Valentine’s Day Depression- The Other Side Of 14th February

Mrinal Bhat , 13 Feb 2020
Sad lonely woman holding red heart by triocean | (Source: Shutterstock)
Sad lonely woman holding red heart by triocean | (Source: Shutterstock)

February is the sweet month of love. As Valentine’s Day arrives, the city markets bustle with colours, florists are loaded with red roses and heart-shaped bouquets, gift shops glitter with all-things-love in the shapes of heart! To add to the excitement in the air, couples, especially the ones who love some PDA have their sleeves rolled up and plans well made. Restaurants and cafe’s run promotional activities for couples celebrating love. Social media gets bustling with Valentine’s Day messages, love quotes and more. These days, Valentine’s Day is not only about love but also a commercial season for serious businesses. So, it is loud and in-your-face to quite an extent.

When there is so much hype all around, what do the single ones do? FOMO or immense aversion is an obvious result. This is a tough time of the year for those who have had heartbreaks too. Few couples end up in a battle with contrasting views on going extra and celebrating a dedicated day for a lifelong concept like love. Some hold unrealistically grand expectations from their better half while expressing love, be it materialistically or non-materialistically. It’s a different ball game for unhappy couples too. Valentine’s Day is not as rosy as it seems when one’s circumstances and beliefs are unaligned with the norms.

Valentine’s Day Depression

Depressed young woman near window at home by African Studio | (Source: Shutterstock)
Depressed young woman near window at home by African Studio | (Source: Shutterstock)

Depression cases in February have been rising substantially in recent times. Most mental health counsellors and practitioners deal with the maximum number of depression cases and cases of suicidal tendencies during Valentine’s week. America’s Suicide Helplines have reported the highest number of incoming calls in Valentine’s week. Therapists have reported a higher number of walk-ins due to anxiety and panic attacks related to Valentine’s Day expectations and demands.

As per cardiologists, the Broken Heart Syndrome hits harder around Valentine’s Day. Broken Heart Syndrome is a real medical condition. Emotional stress or trauma causes the body to undergo stress cardiomyopathy which temporarily mimics a heart attack, causing breathlessness and chest pains.

Other Negative Emotions

Many feel unwanted and unloved amid all the display of emotions. Longing vs loving strikes deeper. Not having that special someone to pamper silly can sink one’s heart, throwing self-love is off the radar. The feeling of loneliness grows deeper while watching all those mushy love showers around. One can be reminded of his or her heartbreak or imperfect relationship and feel super upset too.

Things To Do

While so much about Valentine’s Day can weigh you down, there is a lot you can do to feel top-notch and treat this as just any other festive day of the year. Scan through some great tips to help you overcome negative emotions of any sorts during this phase:

Smiling young girl in yellow sweater by Maksym Azovtsev | (Source: Shutterstock)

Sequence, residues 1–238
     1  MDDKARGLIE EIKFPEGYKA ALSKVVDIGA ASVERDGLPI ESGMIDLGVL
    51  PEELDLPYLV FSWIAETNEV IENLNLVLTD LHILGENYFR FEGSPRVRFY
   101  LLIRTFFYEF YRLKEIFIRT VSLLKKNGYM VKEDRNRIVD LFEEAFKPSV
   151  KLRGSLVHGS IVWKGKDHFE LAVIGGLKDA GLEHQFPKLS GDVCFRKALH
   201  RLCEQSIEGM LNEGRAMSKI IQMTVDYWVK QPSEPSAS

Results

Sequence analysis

Smiling young girl in yellow sweater by Maksym Azovtsev | (Source: Shutterstock)

Know That You Are Not Alone

Knowing that you are not the only one feeling so overwhelmed with Valentine’s week is comforting peculiarly. There are way too many who feel nothing great about the phase but manage to pull themselves out and have a great time, nonetheless.

Know That Self-Love Is The Most Rewarding

This is a great chance to reflect and plan a better self-care routine. Working on your self-esteem can help you bash feeling unwanted. Activities that involve pampering your self, taking care of your holistic growth and development and doing things that make you truly happy will have time fly by. Self-care activities make one stronger inside out.

Use This As A Patch-Up Time

Those in an unhappy relationship, Valentine’s Week can set a mood to patch up and make peace with each other. If you wish to mend ways, no better chance than the day when love is celebrated globally!

Communicate With Your Partner

An honest and open conversation with your partner can be a game-changer for not only the upcoming Valentine’s week but also for all the future ones together. Openly communicate about your feelings, expectation, capacity to fulfil his/her demands. This will help you get over Valentine’s Day anxiety and treat it like any other happy day of the year.

Spend Time With Loved Ones

Know that it is okay to give all the space to the couples you are close to. But you don’t need to spend time sulking alone. Make fun plans with your single buddies, a group of friends or just have a gala Galentine’s Day. We just need a reason to celebrate and have fun and why leave a chance!

Make Your Workspace A Happier One

Watching flowers, gifts and cards pouring into the office can irritate for sure. Change the mood by planning a team lunch, group activity session or by bringing pets to work on the day.

Get A Digital Detox

This is a great time to plunge into the long-pending digital detox by minimizing your exposure to the electronic devices. Keep calm and keep the phone away. Have no expectations from crushes and block yourself from the floating hearts online!

This Valentine’s week let’s ensure to have nothing but happy vibes, positivity and love— within and around!

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